Mandatory Disclosure and Operational Risk: Evidence from Hedge Fund Registration

Pages: 2785-2815  |  Published: 11/2008  |  DOI: 10.1111/j.1540-6261.2008.01413.x  |  Cited by: 163


Mandatory disclosure is a regulatory tool intended to allow market participants to assess operational risk. We examine the value of disclosure through the controversial SEC requirement, since overturned, which required major hedge funds to register as investment advisors and file Form ADV disclosures. Leverage and ownership structures suggest that lenders and equity investors were already aware of operational risk. However, operational risk does not mediate flow‐performance relationships. Investors either lack this information or regard it as immaterial. These findings suggest that regulators should account for the endogenous production of information and the marginal benefit of disclosure to different investment clienteles.

The Geography of Block Acquisitions

Pages: 2817-2858  |  Published: 11/2008  |  DOI: 10.1111/j.1540-6261.2008.01414.x  |  Cited by: 245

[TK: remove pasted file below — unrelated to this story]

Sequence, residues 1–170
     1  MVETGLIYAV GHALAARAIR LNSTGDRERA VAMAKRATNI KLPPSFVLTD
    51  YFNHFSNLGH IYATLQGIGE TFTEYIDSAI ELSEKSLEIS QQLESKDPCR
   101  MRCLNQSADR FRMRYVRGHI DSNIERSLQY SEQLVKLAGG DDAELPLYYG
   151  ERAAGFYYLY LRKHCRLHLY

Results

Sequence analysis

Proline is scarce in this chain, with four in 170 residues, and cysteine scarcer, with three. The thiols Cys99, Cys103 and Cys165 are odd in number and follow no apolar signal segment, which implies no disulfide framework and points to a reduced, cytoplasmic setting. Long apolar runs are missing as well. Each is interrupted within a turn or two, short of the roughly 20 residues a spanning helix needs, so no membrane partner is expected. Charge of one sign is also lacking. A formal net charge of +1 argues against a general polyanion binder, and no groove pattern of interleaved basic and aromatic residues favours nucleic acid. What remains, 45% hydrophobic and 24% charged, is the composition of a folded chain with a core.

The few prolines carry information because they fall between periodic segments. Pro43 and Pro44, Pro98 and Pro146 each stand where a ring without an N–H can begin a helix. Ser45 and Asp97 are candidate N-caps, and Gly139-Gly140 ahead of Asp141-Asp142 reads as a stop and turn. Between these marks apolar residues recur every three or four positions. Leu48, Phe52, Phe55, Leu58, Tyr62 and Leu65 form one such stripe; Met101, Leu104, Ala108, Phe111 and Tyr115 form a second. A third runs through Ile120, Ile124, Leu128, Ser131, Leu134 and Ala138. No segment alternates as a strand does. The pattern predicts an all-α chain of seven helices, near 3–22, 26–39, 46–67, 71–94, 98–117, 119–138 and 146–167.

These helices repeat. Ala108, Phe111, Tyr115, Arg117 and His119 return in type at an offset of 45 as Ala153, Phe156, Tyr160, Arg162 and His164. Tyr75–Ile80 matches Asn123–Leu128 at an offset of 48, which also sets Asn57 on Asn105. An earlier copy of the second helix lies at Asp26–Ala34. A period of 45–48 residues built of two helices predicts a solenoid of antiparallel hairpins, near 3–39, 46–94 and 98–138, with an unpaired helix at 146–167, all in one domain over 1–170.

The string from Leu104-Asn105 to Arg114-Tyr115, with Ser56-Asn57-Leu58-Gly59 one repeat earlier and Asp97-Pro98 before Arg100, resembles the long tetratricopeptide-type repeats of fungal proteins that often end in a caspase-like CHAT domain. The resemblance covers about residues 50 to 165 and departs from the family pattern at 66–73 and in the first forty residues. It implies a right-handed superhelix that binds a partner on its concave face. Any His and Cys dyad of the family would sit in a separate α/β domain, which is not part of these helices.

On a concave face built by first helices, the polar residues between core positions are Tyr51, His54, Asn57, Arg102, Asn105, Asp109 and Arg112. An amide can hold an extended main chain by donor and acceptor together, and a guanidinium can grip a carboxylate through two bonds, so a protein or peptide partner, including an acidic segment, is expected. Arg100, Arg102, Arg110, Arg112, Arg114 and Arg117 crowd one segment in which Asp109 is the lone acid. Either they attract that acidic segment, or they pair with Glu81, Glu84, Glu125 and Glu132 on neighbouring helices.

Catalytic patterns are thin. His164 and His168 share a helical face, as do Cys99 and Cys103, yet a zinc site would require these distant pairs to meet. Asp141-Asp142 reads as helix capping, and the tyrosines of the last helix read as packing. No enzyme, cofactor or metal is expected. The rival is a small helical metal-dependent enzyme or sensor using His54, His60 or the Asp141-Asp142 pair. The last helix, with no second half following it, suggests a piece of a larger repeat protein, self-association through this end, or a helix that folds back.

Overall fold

Using a large sample of partial block acquisitions, we examine the importance of geographic proximity in corporate governance and target returns. We find that block acquirers have a strong preference for geographically proximate targets and acquirers that purchase shares in such targets are more likely to engage in post‐acquisition target governance activities than are remote block acquirers. Moreover, the targets of these acquirers realize higher announcement returns and better post‐acquisition operating performance than do targets of other types of acquirers, particularly when they face greater information asymmetries.

Estimating the Intertemporal Risk–Return Tradeoff Using the Implied Cost of Capital

Pages: 2859-2897  |  Published: 11/2008  |  DOI: 10.1111/j.1540-6261.2008.01415.x  |  Cited by: 414


We argue that the implied cost of capital (ICC), computed using earnings forecasts, is useful in capturing time variation in expected stock returns. First, we show theoretically that ICC is perfectly correlated with the conditional expected stock return under plausible conditions. Second, our simulations show that ICC is helpful in detecting an intertemporal risk–return relation, even when earnings forecasts are poor. Finally, in empirical analysis, we construct the time series of ICC for the G–7 countries. We find a positive relation between the conditional mean and variance of stock returns, at both the country level and the world market level.